Address discrepancies among workloads, grading standards in different first-year Encounters classes

Christopher Hankin

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Whitman College prides itself on an Encounters program that helps to initiate new students and get them up to speed with the expectations that the school holds for writing, reading and critical thinking. Encounters students grapple with difficult texts that will challenge their preconceptions and hopefully expand their minds to a world of new possibilities. Unfortunately Encounters is the source of a lot of stress for some students. Discrepancies in the grading policies and workload expectations create resentment towards the program.

I personally love Encounters. I am not lying when I say that I wake up every Monday, Wednesday and Friday excited to go and discuss whatever our reading was for that day. This is because of the constructive and positive environment fostered in my classroom. Students feel free to share their thoughts on the reading, and we really challenge one another to think critically. We are also led by a phenomenal professor who is incredibly dedicated to our class and the overall mission of the Encounters program. He manages to balance workload and learning in a way that is both challenging and inspiring.

Bayard Blair is a first-year in the Encounters program who is considering a biology major and will hopefully be heading off to medical school after Whitman. He has struggled with the grading standards in his class.

“It seems to me as if the grading is a lot harder in my class than in many others,” said Blair in an email. “I see so many people spending very little time doing work for Encounters and receiving A’s, compared to my class where I see so many people working very hard and not getting the same grades.”

Though everyone at Whitman subscribes to the general philosophy that grades are far less important than learning, sometimes it is hard to focus on the learning if your grade is in jeopardy. This is especially true for students heading off to graduate school and who are genuinely and understandably concerned about their GPAs.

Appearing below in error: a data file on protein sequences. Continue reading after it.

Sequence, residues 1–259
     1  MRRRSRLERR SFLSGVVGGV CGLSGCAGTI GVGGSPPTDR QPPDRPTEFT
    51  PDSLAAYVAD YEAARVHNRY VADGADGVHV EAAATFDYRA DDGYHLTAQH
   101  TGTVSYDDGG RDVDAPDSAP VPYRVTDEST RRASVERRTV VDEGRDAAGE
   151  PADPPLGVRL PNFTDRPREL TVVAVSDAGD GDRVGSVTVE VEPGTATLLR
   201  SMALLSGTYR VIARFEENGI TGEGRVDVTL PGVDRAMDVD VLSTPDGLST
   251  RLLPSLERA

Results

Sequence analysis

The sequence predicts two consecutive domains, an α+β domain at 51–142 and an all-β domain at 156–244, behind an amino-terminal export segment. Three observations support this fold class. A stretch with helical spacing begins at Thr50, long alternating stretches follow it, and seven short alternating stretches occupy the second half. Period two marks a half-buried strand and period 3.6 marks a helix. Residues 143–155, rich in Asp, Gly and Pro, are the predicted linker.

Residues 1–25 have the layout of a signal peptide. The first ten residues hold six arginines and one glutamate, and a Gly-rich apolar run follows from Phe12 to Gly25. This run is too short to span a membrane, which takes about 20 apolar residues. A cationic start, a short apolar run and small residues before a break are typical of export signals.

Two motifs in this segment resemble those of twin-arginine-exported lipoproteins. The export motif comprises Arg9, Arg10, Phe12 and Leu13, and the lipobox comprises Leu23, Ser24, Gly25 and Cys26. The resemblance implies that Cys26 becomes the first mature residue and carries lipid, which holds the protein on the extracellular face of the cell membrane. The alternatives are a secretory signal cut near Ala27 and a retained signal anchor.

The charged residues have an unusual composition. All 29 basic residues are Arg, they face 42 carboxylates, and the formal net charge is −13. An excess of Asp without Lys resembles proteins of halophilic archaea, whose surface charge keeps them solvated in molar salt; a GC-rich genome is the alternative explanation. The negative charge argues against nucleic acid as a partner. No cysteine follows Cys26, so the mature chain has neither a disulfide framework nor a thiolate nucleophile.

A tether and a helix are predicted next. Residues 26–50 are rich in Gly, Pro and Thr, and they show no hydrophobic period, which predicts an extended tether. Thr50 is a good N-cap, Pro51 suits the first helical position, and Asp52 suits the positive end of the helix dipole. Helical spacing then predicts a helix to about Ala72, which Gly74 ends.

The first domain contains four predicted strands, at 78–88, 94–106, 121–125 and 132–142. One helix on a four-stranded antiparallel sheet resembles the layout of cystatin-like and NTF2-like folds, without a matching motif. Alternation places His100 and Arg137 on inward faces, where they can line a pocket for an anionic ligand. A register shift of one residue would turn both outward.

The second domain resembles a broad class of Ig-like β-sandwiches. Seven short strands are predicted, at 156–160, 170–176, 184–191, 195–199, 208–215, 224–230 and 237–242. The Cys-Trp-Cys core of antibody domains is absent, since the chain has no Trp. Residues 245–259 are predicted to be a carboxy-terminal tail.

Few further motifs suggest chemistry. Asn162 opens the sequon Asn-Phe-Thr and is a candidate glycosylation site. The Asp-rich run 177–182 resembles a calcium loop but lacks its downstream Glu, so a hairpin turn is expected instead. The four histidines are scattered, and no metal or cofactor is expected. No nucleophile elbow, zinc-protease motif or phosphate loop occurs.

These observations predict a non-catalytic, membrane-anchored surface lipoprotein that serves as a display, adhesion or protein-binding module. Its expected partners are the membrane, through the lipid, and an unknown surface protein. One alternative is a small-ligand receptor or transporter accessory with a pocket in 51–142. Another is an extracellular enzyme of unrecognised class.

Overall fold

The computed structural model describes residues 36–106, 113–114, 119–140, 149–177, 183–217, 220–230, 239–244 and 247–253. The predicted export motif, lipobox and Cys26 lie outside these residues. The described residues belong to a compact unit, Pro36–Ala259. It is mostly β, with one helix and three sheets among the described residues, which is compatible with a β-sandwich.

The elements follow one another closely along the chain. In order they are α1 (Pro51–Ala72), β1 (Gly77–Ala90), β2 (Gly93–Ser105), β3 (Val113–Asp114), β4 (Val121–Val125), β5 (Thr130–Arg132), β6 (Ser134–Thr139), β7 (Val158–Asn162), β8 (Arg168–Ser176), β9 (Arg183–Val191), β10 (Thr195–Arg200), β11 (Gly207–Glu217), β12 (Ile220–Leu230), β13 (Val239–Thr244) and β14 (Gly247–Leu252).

“Some people will have worse grades just because they had a harder professor,” said Blair in his email. “That’s not what shows up on your transcript, though. All that shows up is the grade you got and the class that you took.”

Though Blair recognizes how much he has progressed as both a writer and a thinker, he wishes that his grade reflected that development in the same way that grades do for students in other sections.

“I understood when I came to Whitman that Encounters would not be easy. It just seems that not every professor is pushing their students as hard, and I don’t think my effort and improvement should be minimized by a bad grade on my transcript,” he said.

The purpose of this article is not to complain about how hard Encounters is, but rather to call for a better standardization of the curriculum and grading rubrics between sections. Obviously, expecting teachers to use the same teaching method would take away from the beauty of the program. Getting a unique perspective on the readings from your professor’s area of study is an amazing opportunity.

With that said, there should not be such a significant disparity in the difficulties of various classes. Professors should compare both curricula and grading rubrics in order to make the system fair for all students involved. This would ensure a more equitable standard of both quality and quantity of work.

The inequality in terms of difficulty often makes students prioritize Encounters less than other classes. Students in the “harder” classes might feel cheated, and those in the “easier” classes might feel as though they don’t really need to do the readings. Were the expectations more comparable, students would get more out of reading and discussing the texts. Encounters is an amazing idea in theory, but the implementation of the program leaves something to be desired.

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